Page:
Now, while your boat is still in mind but ready to be tucked away for the winter, is the perfect time to review your boat insurance. We spoke with our trusted insurance expert, Douglas MacDonald of Murray & MacDonald Insurance, about some things to consider:
Federal law assigns fuel spills responsibility to the boat owner. It could be oil discharged from the bilge, oil leaked from a sunken vessel or a general leak. Environmental damage levied for fuel spills can reach almost $1 million and cleanup costs could exceed fines. Vessel Pollution Liability provides coverage for spills including clean-up, third party property damage, loss of revenues or services, defense, investigation, civil penalties, criminal fines, defense costs and more. What policy limits do you have?
Who are the permitted boat operators? Understand who may operate the vessel and whether they are covered under your policy.
What is your policy’s liability limit? Is the policy listed on your personal umbrella policy, thereby extending the coverage amounts?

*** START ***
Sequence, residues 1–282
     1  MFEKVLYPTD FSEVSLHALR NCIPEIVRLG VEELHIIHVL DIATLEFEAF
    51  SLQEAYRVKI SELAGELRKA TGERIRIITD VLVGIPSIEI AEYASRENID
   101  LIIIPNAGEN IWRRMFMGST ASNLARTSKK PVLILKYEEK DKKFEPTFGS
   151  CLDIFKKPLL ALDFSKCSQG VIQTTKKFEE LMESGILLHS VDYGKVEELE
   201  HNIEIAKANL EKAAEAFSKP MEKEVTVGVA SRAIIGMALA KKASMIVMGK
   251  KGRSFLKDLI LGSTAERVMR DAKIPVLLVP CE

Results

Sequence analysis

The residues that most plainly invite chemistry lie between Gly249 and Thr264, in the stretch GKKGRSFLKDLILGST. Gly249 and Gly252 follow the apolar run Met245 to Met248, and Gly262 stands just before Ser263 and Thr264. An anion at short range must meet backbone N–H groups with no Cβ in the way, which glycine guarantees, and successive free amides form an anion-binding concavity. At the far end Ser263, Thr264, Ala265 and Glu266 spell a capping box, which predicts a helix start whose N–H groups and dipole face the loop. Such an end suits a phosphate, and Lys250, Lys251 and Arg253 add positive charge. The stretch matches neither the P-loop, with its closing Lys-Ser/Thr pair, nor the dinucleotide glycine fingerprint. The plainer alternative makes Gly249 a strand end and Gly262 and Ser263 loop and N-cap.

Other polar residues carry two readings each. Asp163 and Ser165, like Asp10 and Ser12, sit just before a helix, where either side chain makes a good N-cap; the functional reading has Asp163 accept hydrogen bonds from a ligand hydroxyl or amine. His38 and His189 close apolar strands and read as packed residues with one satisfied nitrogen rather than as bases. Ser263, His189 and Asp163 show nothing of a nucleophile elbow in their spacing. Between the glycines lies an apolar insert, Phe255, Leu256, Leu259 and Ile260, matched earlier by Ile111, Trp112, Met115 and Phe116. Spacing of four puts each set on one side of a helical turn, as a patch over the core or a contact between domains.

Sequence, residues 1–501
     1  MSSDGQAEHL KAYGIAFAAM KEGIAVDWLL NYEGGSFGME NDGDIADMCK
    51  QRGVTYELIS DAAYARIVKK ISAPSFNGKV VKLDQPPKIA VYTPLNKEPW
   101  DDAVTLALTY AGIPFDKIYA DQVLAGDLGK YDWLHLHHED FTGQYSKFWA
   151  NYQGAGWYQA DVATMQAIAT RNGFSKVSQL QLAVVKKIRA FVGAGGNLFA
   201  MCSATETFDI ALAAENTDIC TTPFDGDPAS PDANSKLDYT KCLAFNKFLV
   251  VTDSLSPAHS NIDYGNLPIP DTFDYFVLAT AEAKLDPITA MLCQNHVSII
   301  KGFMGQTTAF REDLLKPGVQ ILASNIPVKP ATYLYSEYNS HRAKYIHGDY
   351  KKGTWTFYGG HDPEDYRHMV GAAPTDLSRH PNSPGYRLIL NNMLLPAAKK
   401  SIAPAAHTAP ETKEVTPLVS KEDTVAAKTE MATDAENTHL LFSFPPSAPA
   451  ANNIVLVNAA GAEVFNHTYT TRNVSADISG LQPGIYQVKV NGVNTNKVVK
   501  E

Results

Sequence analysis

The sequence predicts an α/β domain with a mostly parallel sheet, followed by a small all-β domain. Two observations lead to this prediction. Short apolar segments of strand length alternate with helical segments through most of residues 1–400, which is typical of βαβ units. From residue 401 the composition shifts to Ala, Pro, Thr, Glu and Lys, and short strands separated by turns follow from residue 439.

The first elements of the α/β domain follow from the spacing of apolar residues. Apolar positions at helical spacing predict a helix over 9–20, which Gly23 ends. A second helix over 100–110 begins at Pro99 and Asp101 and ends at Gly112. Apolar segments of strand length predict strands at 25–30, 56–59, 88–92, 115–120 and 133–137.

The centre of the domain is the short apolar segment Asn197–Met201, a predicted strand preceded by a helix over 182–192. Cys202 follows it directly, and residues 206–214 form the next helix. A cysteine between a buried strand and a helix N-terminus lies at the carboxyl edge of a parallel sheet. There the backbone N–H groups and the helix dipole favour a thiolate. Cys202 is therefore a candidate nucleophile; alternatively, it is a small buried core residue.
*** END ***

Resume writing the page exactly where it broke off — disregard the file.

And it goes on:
What are the policy’s territorial limits? Coverage won’t apply if you operate the boat outside that area.
What is the policy “lay-up” period? Vessels operating beyond that time frame will lose coverage.
Do you have Replacement Cost or Actual Cash Value (aka depreciated) coverage for partial claims? For example, if you hit a rock and ruin the lower unit will your insurance policy repair/replace it without depreciation? Make sure you have replacement cost.
Take time to review your boat policy with your insurance agent to make certain you address all of these important policy provisions.